The Tale of Fatty Coon by Arthur Scott Bailey
VII. Johnnie Green is Disappointed
It made Fatty Coon feel sad, just to think that there was that field full of corn, and that he could never eat all of it. But Fatty made up his mind that he would do the best he could. He would visit the cornfield every night and feast on those sweet, tender kernels.
The very next night Fatty set out toward Farmer Green's. It was hardly dark. But Fatty could not wait any longer. He could not even wait for his mother and his sisters and his brother. He hurried away alone. And when he came in sight of the cornfield he felt better. He had been the least bit afraid that the corn might be gone. He thought that maybe Farmer Green had picked it, or that some of the forest people had eaten it all. But there it was--a forest of corn, waving and rustling in the moonlight as the breeze touched it. Fatty felt very happy as he slipped through the rail-fence.
I wouldn't dare say how many ears of corn Fatty ate that night. And he would have eaten more, too, if it hadn't been for just one thing. A dog barked. And that spoiled Fatty's fun. For the dog was altogether too near for Fatty to feel safe. He even dropped the ear of corn he was gnawing and hurried toward the woods.
It was lucky for Fatty that he started when he did. For that dog was close behind him in no time. There was only one thing to do: Fatty knew that he must climb a tree at once. So he made for the nearest tree in sight--a big, spreading oak, which stood all alone just beyond the fence. And as Fatty crouched on a limb he felt safe enough, though the dog barked and whined, and leaped against the tree, and made a great fuss.
Fatty looked down at the dog and scolded a little. He was not afraid. But it made him cross to be driven out of the cornfield. And he wished the dog would go away. But the dog--it was Farmer Green's Spot--the dog had no idea of leaving. He stayed right there and barked so loudly that it was not long before Farmer Green and his hired man came in sight. And with them was Johnnie Green and a little, young dog that had just been given to him.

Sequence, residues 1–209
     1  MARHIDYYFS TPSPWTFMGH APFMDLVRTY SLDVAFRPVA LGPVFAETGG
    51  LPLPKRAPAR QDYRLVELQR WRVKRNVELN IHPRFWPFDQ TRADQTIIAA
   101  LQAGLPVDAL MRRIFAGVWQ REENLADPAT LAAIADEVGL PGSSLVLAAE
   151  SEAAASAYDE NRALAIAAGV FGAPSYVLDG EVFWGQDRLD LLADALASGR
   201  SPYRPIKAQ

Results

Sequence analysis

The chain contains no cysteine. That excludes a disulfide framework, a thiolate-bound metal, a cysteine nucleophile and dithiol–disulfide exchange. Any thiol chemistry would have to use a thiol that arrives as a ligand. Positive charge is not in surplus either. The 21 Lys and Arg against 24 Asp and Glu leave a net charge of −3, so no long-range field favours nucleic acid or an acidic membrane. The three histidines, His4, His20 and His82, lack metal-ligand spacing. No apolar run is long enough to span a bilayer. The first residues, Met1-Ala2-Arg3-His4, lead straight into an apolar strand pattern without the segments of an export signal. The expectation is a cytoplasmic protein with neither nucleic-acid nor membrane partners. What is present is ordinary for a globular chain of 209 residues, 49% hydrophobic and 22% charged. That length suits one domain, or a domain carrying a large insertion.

When Farmer Green saw Fatty he seemed disappointed. "He's too young to bother with," he said. "His skin's not worth much. We'll go 'long and see what we can find."
But Johnnie Green stayed behind. He wanted that young coon. And he intended to have him, too. Leaving the young dog to watch Fatty Coon, Johnnie went back to the farmhouse. After a while he appeared again with an axe over his shoulder. And when he began to chop away at the big oak, Fatty Coon felt very uneasy. Whenever Johnnie drove his axe into the tree, both the tree and Fatty shivered together. And Fatty began to wish he had stayed away from the cornfield. But not for long, because Johnnie Green soon gave up the idea of chopping down the big oak. The wood was so hard to cut, and the tree was so big, that Johnnie had not chopped long before he saw that it would take him all night to cut through it. He looked up longingly at Fatty Coon. And Johnnie started to climb the tree himself. But the higher he climbed, the higher Fatty climbed. And Johnnie knew that he could never catch that plump young coon in that way.
At last Johnnie Green started off, calling his dog after him. And then Fatty Coon came down. But he did not go back to the cornfield. He decided that he had had adventures enough for one night. But Fatty had learned something--at least he thought he had. For he made up his mind that once he climbed a tree, no man could reach him. Trees could not be chopped down! That was what Fatty believed. Perhaps you will know, later, whether Fatty ever found out that he was mistaken.